TRAVERSE CITY, Mich. – The Bush administration is preparing instructions for regulators puzzling over which wetlands are covered by federal clean water law, a top Environmental Protection Agency official said Wednesday.
But the EPA hasn't decided whether to issue a comprehensive regulation on the issue in the wake of a confusing U.S. Supreme Court ruling in two Michigan wetlands cases, said Benjamin Grumbles, assistant administrator for water.
"Our overarching goal is to continue to protect wetlands under the Clean Water Act to the maximum extent allowable since the decision," Grumbles told The Associated Press in an interview. "Which tools are the best to use is a policy decision we haven't made yet."
The high court took up the Michigan cases in hopes of settling a long-running debate concerning federal jurisdiction over wetlands. But the June 19 decision muddied the waters further.
The justices split three ways, with none of their five written opinions drawing majority support. Several urged Congress or federal agencies to deal with the issue, saying they were best suited to handle its complexities.
Courts have agreed the Clean Water Act requires permits to degrade wetlands alongside navigable waterways such as lakes and rivers. The question is whether the law also applies to tributaries of those waters and their adjacent wetlands — and if so, how far upstream.
The Army Corps of Engineers, which issues the permits, has contended the law's protections extend to virtually all "waters of the United States," including wetlands. Environmentalists agree, while developers and property rights advocates contend government jurisdiction is far more limited.
The key Supreme Court opinion, written by Justice Anthony M. Kennedy, said a permit could be required if there's a "significant nexus" between a wetland and a navigable waterway. The wetland must "significantly affect the chemical, physical, and biological integrity" of nearby navigable waters, he wrote.
After the ruling, the EPA — which oversees the federal wetlands program — instructed regulators to delay action on contentious permit applications while it analyzed the justices' opinions.
The agency soon will issue a "guidance" document that will offer the EPA's interpretation of what the Supreme Court decided, Grumbles said. The agency is working with the Justice Department to determine "how much stature to give certain pieces of the various five opinions," he said.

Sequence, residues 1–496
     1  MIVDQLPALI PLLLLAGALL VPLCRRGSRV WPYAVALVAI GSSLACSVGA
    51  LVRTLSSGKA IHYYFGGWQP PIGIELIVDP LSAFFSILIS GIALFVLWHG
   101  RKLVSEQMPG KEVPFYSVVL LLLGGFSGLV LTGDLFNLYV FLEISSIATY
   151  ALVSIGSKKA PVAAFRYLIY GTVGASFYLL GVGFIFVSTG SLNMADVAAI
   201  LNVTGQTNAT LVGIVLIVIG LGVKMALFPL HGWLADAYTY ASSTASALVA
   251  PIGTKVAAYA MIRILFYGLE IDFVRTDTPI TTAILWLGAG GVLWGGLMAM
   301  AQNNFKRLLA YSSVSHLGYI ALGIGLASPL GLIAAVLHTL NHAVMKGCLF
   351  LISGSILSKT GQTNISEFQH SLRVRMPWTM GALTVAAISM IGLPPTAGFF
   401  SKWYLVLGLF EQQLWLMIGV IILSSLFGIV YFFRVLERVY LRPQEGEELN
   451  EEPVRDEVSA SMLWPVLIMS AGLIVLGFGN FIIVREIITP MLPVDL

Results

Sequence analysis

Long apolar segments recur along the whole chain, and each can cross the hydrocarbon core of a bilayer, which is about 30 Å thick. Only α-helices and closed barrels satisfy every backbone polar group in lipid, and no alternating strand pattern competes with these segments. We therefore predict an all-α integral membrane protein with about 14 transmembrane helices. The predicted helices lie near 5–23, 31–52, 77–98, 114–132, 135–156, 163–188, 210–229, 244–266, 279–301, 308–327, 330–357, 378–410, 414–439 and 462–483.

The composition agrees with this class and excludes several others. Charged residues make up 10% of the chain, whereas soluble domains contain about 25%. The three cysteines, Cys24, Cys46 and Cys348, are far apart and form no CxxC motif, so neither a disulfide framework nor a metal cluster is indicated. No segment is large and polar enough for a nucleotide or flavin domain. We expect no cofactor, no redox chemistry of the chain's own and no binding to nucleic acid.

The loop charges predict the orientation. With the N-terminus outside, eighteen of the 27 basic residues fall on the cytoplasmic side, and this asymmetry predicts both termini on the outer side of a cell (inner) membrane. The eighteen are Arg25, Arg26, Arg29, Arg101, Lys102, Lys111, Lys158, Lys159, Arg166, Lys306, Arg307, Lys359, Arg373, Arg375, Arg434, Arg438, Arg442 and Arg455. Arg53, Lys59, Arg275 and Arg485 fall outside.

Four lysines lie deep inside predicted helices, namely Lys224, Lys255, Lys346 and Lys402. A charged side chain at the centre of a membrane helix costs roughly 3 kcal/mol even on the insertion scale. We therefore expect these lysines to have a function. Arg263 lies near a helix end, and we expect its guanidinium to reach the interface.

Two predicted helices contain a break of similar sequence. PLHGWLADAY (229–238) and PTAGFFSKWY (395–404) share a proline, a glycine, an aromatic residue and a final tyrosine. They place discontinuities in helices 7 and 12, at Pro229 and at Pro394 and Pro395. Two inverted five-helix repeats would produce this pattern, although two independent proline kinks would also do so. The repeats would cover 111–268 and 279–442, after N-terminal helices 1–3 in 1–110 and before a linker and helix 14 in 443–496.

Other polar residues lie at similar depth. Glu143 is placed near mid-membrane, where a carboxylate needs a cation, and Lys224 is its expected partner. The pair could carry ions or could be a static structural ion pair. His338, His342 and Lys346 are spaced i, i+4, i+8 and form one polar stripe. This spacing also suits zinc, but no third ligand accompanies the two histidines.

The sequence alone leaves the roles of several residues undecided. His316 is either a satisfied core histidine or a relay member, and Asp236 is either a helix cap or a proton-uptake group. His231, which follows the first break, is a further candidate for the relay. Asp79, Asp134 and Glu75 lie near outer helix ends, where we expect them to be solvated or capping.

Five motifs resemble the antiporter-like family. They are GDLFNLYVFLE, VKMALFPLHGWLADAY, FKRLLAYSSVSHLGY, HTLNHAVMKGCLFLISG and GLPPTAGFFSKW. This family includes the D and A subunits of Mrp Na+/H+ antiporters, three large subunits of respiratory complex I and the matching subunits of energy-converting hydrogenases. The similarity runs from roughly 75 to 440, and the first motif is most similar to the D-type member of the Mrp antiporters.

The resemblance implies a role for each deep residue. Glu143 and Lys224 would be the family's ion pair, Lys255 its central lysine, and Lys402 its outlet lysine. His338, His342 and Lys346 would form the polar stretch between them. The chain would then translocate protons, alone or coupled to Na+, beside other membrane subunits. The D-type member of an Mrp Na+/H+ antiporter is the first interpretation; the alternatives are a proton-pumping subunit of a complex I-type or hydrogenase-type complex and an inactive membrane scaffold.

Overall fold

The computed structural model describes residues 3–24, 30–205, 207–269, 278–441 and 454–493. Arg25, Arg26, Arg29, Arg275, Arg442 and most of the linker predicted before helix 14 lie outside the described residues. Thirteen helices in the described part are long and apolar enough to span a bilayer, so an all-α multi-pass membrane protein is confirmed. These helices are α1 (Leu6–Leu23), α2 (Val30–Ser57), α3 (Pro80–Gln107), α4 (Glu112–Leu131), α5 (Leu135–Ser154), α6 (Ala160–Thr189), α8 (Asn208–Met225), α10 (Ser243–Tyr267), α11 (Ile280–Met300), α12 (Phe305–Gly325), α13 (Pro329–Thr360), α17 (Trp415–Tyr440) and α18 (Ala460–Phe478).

"We have no doubt that this interim guidance will help add clarity," he said. "We also have no doubt ... it won't be the end of the story either. We'll need to provide more details, and we're still reviewing whether or not to pursue a regulation in addition to the guidance."
Wetlands are valuable because they provide some of the planet's most diverse wildlife habitat. They also control floods and filter out pollutants.
The lower 48 states had over 220 million acres of wetlands in pre-colonial days. The total had shrunk to about 105 million by the late 1990s as wetlands were drained and filled for farming and other development.
Grumbles discussed the Supreme Court ruling Wednesday during the annual meeting of a group representing state wetland regulators. Members said they were anxiously awaiting the federal guidance.
Wetland protection "is a hot button and it always has been and it probably always will be, because you have to balance public and private interests," said Jeanne Christie, executive director of the Association of State Wetland Managers.
Michigan and New Jersey handle federal wetland permitting within their borders. But most other states likely will want a new regulation clarifying where federal jurisdiction applies, said Peg Bostwick, wetland specialist with the Michigan Department of Environmental Quality.
"My concern is that we do rulemaking sufficient to satisfy the Supreme Court but still straightforward enough to be comprehensible to the public," Bostwick said. "That's going to be a real fine line to walk."